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LogMeIn provides straightforward remote access to a computer’s screen and files from a smartphone, tablet, or other computer. The company orients its approach around the number of computers available to control in a given account, rather than users.
LogMeIn Pro flavor of the service, remote access can be installed on one or two computers. But an unlimited number of different users can access those computers. It’s the right option for a small business that has software with a single-seat license or with massive files installed on a computer, and which wants multiple employees who aren’t on site to have access, or to have cross-platform access.
Subscriptions start at $30 a month (with annual billing) for access by unlimited users to up to two computers running the remote-access host software.
LogMeIn cut its teeth many years ago, and the interace shows. Both the desktop server software and the client software—which are separate installations—resemble the kind of not-quite-any-operating-system approach used for cross-platform software developed several years ago around the era of Windows 7.
The interface weaknesses are particularly noticeable when using the Mac desktop software to access another system. The client tool appears to have standard—not Retina—graphics in place, making everything appear blurry. The interface’s type size is also scaled too small, and the client uses a very non-standard set of internal drop-down menus and other controls to bring up features and control settings.
In iOS, the same problem applies. The interface is clunky, relying on an odd pseudo-multi-window approach to access features and remote control desktops. The interface and approach seems unchanged since about iOS 6.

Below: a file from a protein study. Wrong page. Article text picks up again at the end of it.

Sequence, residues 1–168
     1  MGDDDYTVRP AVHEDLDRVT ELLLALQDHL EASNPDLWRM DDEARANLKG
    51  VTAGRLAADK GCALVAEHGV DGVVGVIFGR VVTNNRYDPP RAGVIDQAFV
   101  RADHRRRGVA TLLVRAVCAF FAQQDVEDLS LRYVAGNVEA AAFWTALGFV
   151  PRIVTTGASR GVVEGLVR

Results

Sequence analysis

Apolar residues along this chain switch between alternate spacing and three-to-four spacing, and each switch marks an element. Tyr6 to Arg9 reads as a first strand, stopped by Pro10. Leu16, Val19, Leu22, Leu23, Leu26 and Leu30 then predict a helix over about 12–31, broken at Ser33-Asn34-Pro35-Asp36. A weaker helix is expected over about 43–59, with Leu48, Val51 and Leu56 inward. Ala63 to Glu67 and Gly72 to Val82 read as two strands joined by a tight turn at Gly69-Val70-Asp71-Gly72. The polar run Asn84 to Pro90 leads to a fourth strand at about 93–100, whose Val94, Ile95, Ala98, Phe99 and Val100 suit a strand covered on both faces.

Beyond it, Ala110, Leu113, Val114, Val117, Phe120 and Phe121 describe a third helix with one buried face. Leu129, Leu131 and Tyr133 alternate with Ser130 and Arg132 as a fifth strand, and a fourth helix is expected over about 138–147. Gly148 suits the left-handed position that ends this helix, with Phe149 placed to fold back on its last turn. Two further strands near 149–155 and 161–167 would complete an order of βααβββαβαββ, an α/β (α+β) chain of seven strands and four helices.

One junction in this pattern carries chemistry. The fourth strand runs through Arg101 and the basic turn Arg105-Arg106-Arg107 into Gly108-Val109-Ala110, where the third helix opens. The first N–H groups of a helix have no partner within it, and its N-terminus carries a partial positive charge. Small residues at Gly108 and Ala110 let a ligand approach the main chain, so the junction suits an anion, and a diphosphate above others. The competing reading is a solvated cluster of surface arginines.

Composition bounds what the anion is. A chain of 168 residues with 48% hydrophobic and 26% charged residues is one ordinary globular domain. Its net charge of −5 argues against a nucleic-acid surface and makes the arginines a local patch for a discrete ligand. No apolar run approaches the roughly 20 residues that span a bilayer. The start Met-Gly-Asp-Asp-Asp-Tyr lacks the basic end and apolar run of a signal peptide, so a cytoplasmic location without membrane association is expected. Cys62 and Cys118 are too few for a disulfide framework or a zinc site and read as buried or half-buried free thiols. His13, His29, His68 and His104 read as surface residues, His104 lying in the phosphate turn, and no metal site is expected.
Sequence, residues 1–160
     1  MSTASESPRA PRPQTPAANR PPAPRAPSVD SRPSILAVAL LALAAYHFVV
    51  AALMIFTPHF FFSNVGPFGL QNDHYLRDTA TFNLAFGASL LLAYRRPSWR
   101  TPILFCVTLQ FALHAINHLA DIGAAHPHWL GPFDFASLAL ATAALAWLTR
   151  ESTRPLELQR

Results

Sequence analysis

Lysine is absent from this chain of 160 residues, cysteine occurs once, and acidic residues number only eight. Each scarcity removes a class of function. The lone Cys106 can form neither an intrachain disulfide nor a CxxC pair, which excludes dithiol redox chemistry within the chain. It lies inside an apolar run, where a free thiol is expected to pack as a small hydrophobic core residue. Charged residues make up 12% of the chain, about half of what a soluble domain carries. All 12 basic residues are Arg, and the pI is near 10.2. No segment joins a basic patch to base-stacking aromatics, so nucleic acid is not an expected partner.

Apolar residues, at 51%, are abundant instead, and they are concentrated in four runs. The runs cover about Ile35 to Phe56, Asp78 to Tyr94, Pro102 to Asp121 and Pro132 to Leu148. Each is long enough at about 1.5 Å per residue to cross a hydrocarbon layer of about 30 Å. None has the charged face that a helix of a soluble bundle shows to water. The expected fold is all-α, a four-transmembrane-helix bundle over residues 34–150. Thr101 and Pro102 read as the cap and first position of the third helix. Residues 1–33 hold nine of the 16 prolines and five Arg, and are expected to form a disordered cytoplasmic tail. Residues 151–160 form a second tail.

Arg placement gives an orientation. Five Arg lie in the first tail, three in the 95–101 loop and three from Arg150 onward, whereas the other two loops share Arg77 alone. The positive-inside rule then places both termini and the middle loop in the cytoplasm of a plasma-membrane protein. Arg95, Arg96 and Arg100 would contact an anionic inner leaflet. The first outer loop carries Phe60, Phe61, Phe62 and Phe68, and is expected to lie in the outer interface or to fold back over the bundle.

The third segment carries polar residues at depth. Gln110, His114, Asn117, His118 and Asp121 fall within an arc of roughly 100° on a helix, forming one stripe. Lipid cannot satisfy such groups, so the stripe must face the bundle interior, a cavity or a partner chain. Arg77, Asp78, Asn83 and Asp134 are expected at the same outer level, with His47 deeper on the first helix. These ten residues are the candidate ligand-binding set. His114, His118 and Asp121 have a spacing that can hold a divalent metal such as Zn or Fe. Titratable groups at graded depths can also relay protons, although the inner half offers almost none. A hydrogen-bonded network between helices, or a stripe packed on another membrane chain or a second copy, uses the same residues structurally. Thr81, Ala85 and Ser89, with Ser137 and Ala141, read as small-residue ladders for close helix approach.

The remote-file access in both macOS and iOS appears almost absurdly out of date, including using a folders-at-top sorting approach common to Windows, and requiring a lot of drilling down and navigation that feels like a throwback to far older interfaces.
Despite the UI, the core functionality works effectively, providing remote screen and file access, and a number of security options that can be set to prevent someone who gains the unlikely access to your LogMeIn credentials from logging into your connected desktop machines.
LogMeIn Pro allows remote audio to be played through its client, so you can stream sound while remotely connected. It also allows remote printing from a client to a server. LogMeIn also owns the LastPass password-management system, and includes a single subscription with the two-host subscription.
The subscription also includes 1TB of shared storage, but access is also fusty. It relies on a WebDAV-based internet file server, which mounts on the desktop as a server in macOS. I haven’t seen one of these in years, and this approach can be subject to disconnections and slow performance compared to synced folders or other approaches.
You can use LogMeIn as host software on Windows and macOS; there’s also a Linux beta. Client software for remote access is available for macOS, iOS, Windows, and Android.
While LogMeIn could refresh its interface and clean up its graphics, it provides solid remote access at an affordable price when at several people need to access the screen and files on a desktop computer.